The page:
AWOPBOPALLOBOP ALOPBAMBOOM’ by Nik Cohn (Vintage Books, first published 1969)
This book was written when Jim Morrison, Mama Cass, Jimi Hendrix and Brian Jones were still alive and The Beatles were still together.
The main thing it has going for it is timing. In 1968, pop was still treated as a fad that would fade away so the smart papers didn’t give any serious coverage to its cultural import.
As a cocky, outspoken journalist Nik Cohn was in the right place at the right time and at just 22 had the added advantage of being the right age.
This is an insider’s guide, a fan’s view from the front row written in just seven weeks. Its strength is that Cohn captures the spontaneity of the age but it is seriously flawed by the lack of accuracy and astonishing lapses of judgement.
For example, this is him on The Rolling Stones”The way things are they most likely won’t last and I’m pleased. I think that’s right. They weren’t meant to, they weren’t made to get old”.
He may have been on the button by saying that The Stones should have imploded before becoming the dinosaur act they are today but the lack of insight into how pop/rock would evolve is just one of many ‘I’ll just get my coat’ gaffes.
The problem lies in the fact that Cohn can’t see beyond pop as teen music so he immediately closes his ears to any music that attempts to reach a more sophisticated audience.
For him, the catchier the beat and the more banal the lyrics, the better. Lines like “I love her / She loves me / Oh how happy we gonna be” from Larry Williams’ Bony Moronie are the kind he praises.
This is why he doesn’t understand Bob Dylan even though he acknowledges that his influence has been immense. Of Dylan, he writes: “I can’t enjoy him, he turns me off. Just the noise he makes, his whine and his sneer, he loses me.[…….] The way I see him, he’s a minor talent with a major gift for self hype”.
So which of Dylan’s peers does Cohn rate higher? Well, he has the grace to praise the song writing genius of Pete Townsend and Ray Davies but then bizarrely enthuses over P.J. Proby, a Texan who is remembered more for his trouser-splitting stage antics than his musical prowess. Cohn’s admiration derives mainly from being besotted by the man’s charisma when he interviewed him at an impressionable age.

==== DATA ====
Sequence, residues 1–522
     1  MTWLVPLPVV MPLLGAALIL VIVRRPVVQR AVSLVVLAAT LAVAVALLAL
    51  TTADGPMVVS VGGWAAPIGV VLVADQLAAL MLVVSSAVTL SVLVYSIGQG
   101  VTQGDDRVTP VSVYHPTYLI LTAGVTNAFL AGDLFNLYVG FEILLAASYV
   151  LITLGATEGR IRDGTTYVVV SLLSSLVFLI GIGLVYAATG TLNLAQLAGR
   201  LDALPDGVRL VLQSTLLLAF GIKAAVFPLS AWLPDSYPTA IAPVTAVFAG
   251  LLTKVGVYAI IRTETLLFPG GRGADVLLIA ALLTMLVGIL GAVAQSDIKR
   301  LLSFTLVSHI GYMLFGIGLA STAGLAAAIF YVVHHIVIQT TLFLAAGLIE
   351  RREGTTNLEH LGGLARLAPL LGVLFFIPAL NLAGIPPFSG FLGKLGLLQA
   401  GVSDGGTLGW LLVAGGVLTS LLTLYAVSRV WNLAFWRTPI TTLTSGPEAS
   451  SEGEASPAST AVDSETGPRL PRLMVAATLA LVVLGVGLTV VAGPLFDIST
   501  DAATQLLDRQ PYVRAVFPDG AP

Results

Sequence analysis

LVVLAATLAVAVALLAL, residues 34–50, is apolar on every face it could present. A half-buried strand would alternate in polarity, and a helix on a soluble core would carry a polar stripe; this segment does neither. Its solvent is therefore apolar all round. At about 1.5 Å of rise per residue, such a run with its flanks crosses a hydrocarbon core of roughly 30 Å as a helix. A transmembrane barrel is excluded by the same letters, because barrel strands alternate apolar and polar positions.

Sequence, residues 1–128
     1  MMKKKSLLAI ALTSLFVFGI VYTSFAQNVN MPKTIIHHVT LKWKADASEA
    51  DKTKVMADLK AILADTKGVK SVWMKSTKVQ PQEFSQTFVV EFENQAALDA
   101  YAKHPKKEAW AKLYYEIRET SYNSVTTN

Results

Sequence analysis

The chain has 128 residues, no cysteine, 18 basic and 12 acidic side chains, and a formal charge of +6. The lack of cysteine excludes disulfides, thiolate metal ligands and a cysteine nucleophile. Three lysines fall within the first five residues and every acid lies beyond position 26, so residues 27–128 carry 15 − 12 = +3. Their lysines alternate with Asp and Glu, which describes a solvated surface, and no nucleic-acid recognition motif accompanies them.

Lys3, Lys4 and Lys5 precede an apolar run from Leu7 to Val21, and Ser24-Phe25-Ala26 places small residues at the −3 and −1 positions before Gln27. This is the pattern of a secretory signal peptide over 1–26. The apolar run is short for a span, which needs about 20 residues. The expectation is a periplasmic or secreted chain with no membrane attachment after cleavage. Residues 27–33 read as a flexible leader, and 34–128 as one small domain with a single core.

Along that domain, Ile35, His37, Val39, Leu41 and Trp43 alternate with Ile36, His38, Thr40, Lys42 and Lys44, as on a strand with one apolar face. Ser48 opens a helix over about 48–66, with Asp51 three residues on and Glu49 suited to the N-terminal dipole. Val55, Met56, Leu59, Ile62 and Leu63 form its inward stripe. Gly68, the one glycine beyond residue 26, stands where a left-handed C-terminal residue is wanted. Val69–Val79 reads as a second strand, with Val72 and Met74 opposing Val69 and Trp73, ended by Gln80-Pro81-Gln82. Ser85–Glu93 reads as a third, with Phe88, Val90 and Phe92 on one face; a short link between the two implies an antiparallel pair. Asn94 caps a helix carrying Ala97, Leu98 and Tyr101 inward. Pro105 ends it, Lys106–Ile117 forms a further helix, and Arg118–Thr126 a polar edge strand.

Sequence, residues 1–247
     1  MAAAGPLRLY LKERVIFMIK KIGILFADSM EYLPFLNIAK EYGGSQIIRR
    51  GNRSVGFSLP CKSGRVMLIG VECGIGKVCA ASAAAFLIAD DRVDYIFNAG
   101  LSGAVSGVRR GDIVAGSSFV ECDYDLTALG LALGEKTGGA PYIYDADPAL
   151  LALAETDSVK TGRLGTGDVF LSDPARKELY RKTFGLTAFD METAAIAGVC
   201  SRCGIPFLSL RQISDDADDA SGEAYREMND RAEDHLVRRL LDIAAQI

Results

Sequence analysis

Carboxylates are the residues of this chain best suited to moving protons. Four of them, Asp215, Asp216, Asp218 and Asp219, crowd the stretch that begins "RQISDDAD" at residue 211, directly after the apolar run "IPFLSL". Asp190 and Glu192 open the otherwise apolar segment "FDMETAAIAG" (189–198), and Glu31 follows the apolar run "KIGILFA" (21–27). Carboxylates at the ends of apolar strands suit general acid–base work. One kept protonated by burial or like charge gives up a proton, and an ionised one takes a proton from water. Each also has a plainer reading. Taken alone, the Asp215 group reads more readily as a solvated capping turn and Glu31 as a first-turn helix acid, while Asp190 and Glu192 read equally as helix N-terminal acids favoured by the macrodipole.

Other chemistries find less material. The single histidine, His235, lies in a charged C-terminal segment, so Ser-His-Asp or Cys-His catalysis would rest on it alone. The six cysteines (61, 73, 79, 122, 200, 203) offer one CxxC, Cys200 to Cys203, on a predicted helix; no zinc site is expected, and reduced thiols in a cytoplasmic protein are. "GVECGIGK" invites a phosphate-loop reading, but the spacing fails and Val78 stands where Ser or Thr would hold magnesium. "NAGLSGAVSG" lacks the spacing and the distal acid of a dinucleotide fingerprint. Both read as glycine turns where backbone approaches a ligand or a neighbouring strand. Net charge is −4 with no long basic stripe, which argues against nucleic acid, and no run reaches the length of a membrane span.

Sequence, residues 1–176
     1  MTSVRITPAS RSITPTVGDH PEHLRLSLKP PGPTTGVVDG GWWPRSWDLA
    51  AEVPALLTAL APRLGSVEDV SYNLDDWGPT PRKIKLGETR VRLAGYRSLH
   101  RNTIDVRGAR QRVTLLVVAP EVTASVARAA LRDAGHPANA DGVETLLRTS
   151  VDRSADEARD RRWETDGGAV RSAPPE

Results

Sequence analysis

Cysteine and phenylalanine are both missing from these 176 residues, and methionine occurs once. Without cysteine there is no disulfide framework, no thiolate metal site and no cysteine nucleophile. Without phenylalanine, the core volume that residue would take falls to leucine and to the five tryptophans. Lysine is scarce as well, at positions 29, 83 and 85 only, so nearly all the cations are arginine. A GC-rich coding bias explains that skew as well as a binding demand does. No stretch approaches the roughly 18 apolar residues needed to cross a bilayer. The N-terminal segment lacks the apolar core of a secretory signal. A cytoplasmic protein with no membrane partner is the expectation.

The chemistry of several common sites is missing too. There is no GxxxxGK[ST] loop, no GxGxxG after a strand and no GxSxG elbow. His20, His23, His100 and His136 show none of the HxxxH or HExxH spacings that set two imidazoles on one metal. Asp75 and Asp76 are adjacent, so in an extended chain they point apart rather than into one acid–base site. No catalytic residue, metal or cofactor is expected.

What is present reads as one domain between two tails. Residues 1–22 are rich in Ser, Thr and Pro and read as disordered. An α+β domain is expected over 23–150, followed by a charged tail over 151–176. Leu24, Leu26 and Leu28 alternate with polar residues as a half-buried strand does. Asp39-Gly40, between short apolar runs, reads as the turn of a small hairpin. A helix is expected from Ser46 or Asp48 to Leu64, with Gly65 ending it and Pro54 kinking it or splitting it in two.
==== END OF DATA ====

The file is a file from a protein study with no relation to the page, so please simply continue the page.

I suppose Cohn deserves praise for having the courage of his own convictions but it’s hard to forgive someone who is consistently oblivious to the merits of major rock acts. He gives short shrift to acts like Led Zeppelin, Jimi Hendrix (“all image”), The Velvet Underground, The Doors and describes The Beatles’ ‘Revolver’ as second-rate (“a big step forward in ingenuity …..a big step back in guts”).
By way of contrast, he raves about what he calls ‘quickies’ and gushes over the thrills of Tutti Frutti, Jailhouse Rock, She Loves You and Chuck Berry’s You Never Can Tell. His musical heroes include Eddie Cochran, Aretha Franklin and Ray Charles.
Essentially, he praises guts, flash and energy of pop while regarding anything that he perceives as vaguely experimental as too clever by half.
In the preface to the 2016 edition, Cohn is unrepentant and honest about his journalistic limitations: “I wasn’t much of a critic; reasoned argument was not my strength. My writing, when it was good, lived off characters, sounds, atmospheres and snapshot impressions”
Subtitled ‘Pop From The Beginning’, the slim volume serves as a mildly entertaining whistle-stop tour of the songs and artists who defined the period from 1956 and 1968 but is woefully inadequate as a document of the cultural revolution that Rock and Roll inspired.